If you are not prepared to accept £x, it is our intention to make an application to the First-Tier Property Chamber (Residential Property) (or, in Wales, the Leasehold Valuation Tribunal) to reduce the demand under the Landlord and Tenant Act 1985.

Should you make a claim to the county court before the application is issued, we will request the court to transfer the proceedings to the tribunal which we are advised it can be expected to do.

We will apply to the tribunal and/or county court under section 20C of the 1985 Act for an order that prohibits landlord costs and expenses of dealing with the dispute being added to a future service charge.

Mr Seaton wrote to his management company at the start of this month and had still not heard from them more than a week later when he raised the issue with us.

He asked about the entry maintenances cost of £38,902, along with general repairs and maintenance of £20,000.

He asked the management company if he could have a copy of the audit and accountancy report to better understand where the money is being spent.

He said: ‘There needs to be better transparency in the service charge invoice.’

Mr Seaton’s block is managed by Remus. The company was contacted about the issues raised by Mr Seaton but it declined to comment. 

The flat owner has asked his management company for a copy of the audit and accountancy report to better understand where the money is being spent

The flat owner has asked his management company for a copy of the audit and accountancy report to better understand where the money is being spent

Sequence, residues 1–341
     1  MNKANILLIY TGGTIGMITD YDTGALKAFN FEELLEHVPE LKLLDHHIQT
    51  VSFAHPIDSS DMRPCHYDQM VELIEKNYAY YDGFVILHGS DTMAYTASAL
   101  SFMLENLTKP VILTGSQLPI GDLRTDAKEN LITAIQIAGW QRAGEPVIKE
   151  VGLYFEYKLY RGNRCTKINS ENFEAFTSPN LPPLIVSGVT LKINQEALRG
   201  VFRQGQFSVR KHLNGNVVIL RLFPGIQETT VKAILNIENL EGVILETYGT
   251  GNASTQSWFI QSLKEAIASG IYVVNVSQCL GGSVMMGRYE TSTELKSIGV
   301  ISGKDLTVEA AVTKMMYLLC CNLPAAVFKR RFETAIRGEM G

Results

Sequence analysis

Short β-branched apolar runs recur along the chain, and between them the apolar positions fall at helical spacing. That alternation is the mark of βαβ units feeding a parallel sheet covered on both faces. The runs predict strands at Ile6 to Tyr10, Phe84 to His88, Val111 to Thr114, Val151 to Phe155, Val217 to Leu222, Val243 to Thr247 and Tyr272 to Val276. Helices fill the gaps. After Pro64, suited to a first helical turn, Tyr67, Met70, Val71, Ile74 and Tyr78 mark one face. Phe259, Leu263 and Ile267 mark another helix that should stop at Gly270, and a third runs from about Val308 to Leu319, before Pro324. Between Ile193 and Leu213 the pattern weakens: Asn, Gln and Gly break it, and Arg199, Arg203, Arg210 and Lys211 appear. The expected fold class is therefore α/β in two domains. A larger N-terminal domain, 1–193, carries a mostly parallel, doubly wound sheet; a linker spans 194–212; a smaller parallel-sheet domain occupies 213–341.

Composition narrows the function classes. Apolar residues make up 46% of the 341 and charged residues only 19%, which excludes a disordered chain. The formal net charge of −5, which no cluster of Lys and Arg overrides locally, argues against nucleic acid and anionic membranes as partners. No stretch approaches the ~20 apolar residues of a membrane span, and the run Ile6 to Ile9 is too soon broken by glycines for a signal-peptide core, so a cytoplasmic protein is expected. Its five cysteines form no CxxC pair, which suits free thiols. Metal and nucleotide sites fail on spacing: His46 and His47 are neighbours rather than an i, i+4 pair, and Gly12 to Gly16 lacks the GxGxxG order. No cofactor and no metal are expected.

What are your options if you’re not getting value for money from your property manager? 

Disgruntled leaseholders have three main options to address poor property management.

1. One solution is to buy the freehold, but the flat owners may not be able to do this for a variety of reasons, such as not having the required minimum number of leaseholders in the block to buy it.

2. A step down from buying the freehold is doing a Right To Manage application where you apply to the First Tier Tribunal (Property Chamber) to deal with disputes regarding property management.

The tribunal is part of the courts system and is a leaseholder-friendly route for those who cannot afford to pay lawyers. It means you acquire the right to manage the block and need to set up your own company to oversee it.

In reality, you’ll employ another property management company to do the work, which will give you more control over how the block is managed. You will need to seek advice and speak to a solicitor.

3. Perhaps the simplest way to deal with poor property managers is to ask the tribunal to decide whether the service charges are reasonable. For this, you will not need a solicitor. If you apply via the tribunal, it must investigate.

It can result in your monthly property management charges being significantly reduced and you can even end up with money being paid back. You can get free advice at www.lease-advice.org.